As was to be expected, the 30th anniversary screening took on a celebratory mood. Audience participation was encouraged, with spontaneous dancing breaking out in the aisles and classic quotes (“It’s just good investigative journalism”) echoed verbatim. Kasdan, Benedek and producers Michael Shamberg and Marcia Nasatir accompanied the cast (excluding Goldblum and Hurt, through work commitments, and the late Dan Galloway) on the Prince of Wales Theatre stage following the screening (the film restored to 4k clarity by the studio archivists). Variety’s senior film critic, Scott Foundas, had the enviable task of moderating.

“This movie's been available in your living room for 30 years, and yet you all came out tonight. I really appreciate it," Kasdan told the sold-out audience, adding for comic effect, "You'll have no trouble recognizing the cast. They haven't changed a bit.” (Pictured, right: l-r, Gleen Close, Mary Kay Place, Kevin Kline, Meg Tilly, Tom Berenger and Jobeth Williams)

"It was an extraordinary experience to have challenging work that also made you laugh,” said Mary Kay Place, (who played the maternal Meg) “and then to have as much fun during the day working as you did at night dancing and playing charades and singing Broadway show tunes at a piano at Jeff's and Kevin's." Tom Berenger, cast as TV actor Sam Weber, recalls his stunt-leap into the front seat of a convertible as pretty tame action-hero stuff. “Anybody could have done it,” he says, “that was a pretty low car.”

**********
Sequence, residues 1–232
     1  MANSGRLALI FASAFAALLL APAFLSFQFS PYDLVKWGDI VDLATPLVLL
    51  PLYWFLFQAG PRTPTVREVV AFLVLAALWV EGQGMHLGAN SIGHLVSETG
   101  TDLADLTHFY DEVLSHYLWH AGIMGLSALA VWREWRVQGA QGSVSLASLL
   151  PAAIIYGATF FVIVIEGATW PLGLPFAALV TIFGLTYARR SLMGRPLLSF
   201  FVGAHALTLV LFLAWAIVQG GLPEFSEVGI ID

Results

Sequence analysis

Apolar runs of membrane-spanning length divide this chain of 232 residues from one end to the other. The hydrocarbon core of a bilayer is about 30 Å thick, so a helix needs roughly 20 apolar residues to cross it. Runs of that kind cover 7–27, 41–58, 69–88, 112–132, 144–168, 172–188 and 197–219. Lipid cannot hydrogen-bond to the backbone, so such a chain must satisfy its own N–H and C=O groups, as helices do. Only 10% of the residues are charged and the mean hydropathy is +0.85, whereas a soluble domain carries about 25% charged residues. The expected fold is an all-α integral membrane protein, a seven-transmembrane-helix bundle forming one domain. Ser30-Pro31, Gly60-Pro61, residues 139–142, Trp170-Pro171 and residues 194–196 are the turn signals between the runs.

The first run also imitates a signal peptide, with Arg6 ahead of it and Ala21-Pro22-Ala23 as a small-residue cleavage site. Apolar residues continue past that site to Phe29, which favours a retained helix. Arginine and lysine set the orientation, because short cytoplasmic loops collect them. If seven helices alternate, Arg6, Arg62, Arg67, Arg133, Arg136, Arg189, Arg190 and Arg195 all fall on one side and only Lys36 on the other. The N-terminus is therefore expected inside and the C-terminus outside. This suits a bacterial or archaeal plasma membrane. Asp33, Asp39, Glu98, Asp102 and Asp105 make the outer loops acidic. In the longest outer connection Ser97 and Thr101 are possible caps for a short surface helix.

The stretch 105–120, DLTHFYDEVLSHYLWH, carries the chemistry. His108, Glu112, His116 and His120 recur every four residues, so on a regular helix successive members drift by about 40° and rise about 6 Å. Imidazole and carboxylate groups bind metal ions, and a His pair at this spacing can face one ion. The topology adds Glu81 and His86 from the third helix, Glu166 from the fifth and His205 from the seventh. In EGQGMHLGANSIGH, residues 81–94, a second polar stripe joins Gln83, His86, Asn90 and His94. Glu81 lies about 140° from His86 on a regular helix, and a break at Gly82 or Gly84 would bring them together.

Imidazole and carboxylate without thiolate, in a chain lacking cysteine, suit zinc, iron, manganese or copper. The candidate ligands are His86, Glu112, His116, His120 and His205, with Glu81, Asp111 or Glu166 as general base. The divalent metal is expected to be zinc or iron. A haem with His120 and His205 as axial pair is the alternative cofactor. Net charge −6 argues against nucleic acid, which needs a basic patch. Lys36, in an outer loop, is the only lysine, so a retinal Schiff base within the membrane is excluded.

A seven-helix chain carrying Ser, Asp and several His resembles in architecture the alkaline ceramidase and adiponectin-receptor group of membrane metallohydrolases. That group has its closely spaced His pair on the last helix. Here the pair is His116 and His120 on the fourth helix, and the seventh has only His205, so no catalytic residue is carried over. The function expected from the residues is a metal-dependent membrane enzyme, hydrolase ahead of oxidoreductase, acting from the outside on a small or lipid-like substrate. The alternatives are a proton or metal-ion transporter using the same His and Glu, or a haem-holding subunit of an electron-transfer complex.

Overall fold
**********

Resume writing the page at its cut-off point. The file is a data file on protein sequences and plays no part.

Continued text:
Canadian native Meg Tilly, so memorable as the beatific Chloe (pictured, right) and who had all but retired from acting, perhaps best sums up the love shared by both the film and the festival audience. “It was one of the cosiest sets I’ve been on,” she said. “We all rented condos on the beach and Friday nights we’d get together and have parties and dancing and food.” The reuniting of the cast was a special moment for the actress. "I'm so happy they had the idea to bring us all together to do this," she said. "It's such a gift, I get to see everybody again and I haven't seen everybody in so long. To see their happy smiling faces, that was such a blessing. I'm really grateful."